10 Effective Practices for Digital Teaching
TIP 3: Share Communication and Course Expectations while closely Monitoring Students to Ensure Success
Ensure you and your students are on the same page. Be sure to inform your students about: 1) how you and when you will communicate with them, 2) how much time students should be expected to be working on the course each week, and 3) what assessment and evaluation expectations you may have, including grading criteria or rubrics.
How do you do this?
At the start of the course, ask students to review the GVSU Online Website and complete the Online & Hybrid Student Orientation available in their Blackboard portal.
During your first week, provide students with an orientation for your course, create a syllabus quiz and award points for completion.
Ensure your syllabus and schedule includes grading criteria and all learning activities or assessments.
Be clear as to how much effort and time will be required on a weekly basis to keep surprises to a minimum. Include recommendations for regular check-ins to the course and the number of times they should expect to be “online”.
Ask your students to communicate immediately with you if they are experiencing issues or have questions about course content, assignments and requirements. This is important so they don't fall behind.
When creating assignments and assessments in Blackboard, be sure to select and enter DUE DATES. This is key and very helpful for students as it assists them in managing their calendar across their courses and prompts them each week for what is due.
Blackboard interactive rubrics are very helpful in both your grading of student work, and in the students' expectations for what is required for full credit.
Consider Respondus Monitor and LockDown Browser academic integrity tools are available for online exam proctoring.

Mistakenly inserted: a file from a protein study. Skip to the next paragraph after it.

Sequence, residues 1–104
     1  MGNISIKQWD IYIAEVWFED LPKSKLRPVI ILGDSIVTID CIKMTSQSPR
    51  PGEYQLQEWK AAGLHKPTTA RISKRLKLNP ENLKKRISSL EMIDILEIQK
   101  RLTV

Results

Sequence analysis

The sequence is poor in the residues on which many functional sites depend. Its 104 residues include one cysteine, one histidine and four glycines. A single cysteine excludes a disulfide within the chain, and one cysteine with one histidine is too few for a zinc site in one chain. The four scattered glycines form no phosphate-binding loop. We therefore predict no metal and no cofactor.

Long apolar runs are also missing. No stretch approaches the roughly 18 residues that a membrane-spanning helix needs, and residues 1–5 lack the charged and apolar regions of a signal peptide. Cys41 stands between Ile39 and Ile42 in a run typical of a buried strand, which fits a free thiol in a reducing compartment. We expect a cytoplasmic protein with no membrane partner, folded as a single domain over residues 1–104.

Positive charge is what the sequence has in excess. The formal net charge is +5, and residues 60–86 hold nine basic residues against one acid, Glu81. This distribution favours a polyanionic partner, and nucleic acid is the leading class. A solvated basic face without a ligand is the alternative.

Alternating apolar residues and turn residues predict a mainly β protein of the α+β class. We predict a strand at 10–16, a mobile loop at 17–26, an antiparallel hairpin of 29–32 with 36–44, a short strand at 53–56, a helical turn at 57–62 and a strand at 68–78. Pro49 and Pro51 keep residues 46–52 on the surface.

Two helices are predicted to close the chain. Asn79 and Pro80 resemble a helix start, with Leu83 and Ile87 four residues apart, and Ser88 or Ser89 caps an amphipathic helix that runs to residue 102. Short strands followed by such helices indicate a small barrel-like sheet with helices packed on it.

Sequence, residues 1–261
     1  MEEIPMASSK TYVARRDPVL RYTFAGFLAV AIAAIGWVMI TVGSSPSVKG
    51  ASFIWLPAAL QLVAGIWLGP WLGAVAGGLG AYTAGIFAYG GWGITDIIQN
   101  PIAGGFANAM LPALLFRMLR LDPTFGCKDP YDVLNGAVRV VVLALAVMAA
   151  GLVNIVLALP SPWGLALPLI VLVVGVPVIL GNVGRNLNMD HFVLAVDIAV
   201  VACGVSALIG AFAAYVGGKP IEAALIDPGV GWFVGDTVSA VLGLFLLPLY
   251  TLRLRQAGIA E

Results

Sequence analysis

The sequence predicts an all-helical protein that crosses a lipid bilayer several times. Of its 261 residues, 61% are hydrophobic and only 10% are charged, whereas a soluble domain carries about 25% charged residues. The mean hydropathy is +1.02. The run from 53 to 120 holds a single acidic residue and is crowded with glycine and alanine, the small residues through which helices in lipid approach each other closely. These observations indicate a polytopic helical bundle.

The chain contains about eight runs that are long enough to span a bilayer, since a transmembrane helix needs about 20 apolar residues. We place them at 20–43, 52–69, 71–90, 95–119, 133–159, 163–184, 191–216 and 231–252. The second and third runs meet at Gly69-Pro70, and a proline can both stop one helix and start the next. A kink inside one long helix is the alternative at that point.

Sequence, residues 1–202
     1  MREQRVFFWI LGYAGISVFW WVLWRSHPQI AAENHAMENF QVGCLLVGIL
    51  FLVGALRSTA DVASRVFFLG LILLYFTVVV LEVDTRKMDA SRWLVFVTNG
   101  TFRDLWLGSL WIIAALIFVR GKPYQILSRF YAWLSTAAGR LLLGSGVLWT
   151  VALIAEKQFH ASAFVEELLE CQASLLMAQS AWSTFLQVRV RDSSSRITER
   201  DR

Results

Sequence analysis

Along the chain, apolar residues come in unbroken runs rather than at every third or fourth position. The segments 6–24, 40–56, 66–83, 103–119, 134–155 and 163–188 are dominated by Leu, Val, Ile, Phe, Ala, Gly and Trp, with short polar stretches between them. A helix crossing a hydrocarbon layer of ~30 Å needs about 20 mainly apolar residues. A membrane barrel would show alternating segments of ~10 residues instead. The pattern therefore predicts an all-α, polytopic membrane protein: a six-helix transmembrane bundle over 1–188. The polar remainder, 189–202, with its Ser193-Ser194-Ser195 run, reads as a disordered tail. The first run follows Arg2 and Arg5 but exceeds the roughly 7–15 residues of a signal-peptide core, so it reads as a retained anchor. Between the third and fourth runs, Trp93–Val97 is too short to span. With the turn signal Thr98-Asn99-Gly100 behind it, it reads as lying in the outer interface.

Continuously monitor students and their performance with the last login date in the Grade Center, Performance Dashboard, Retention Center, or even by using Grade Center cell colors. Use these resources as an early alert and as opportunities to reach out and provide feedback to students around their performance. These tools can be very effective in determining whether any students in your class are falling behind or neglecting to check Blackboard regularly. Intervene early on, so they get back on track quickly.
- Time Management and Student Expectations Video from Raymond Higbea
- Online Student Expectations Video from Mandy Forslund
- Sample Weekly Course Checklist, Sample Assignment Key, Sample Course Map
- Video Interview with Michael Santa on using video screencasts to support student learning
- Reclaim Time: Design, Grading and Feedback - 4 Tips for Faculty (eLearning blog)
- 7 Student Tips for Success in Online Learning (eLearning blog)
- Tips for Fostering Students Self-Regulated Learning in Asynchronous Online Learning Environments, Faculty Focus, September 2, 2020 Rachel J. Ebner
- Community of Inquiry: Introduction, Social Presence, Cognitive Presence, Teaching Presence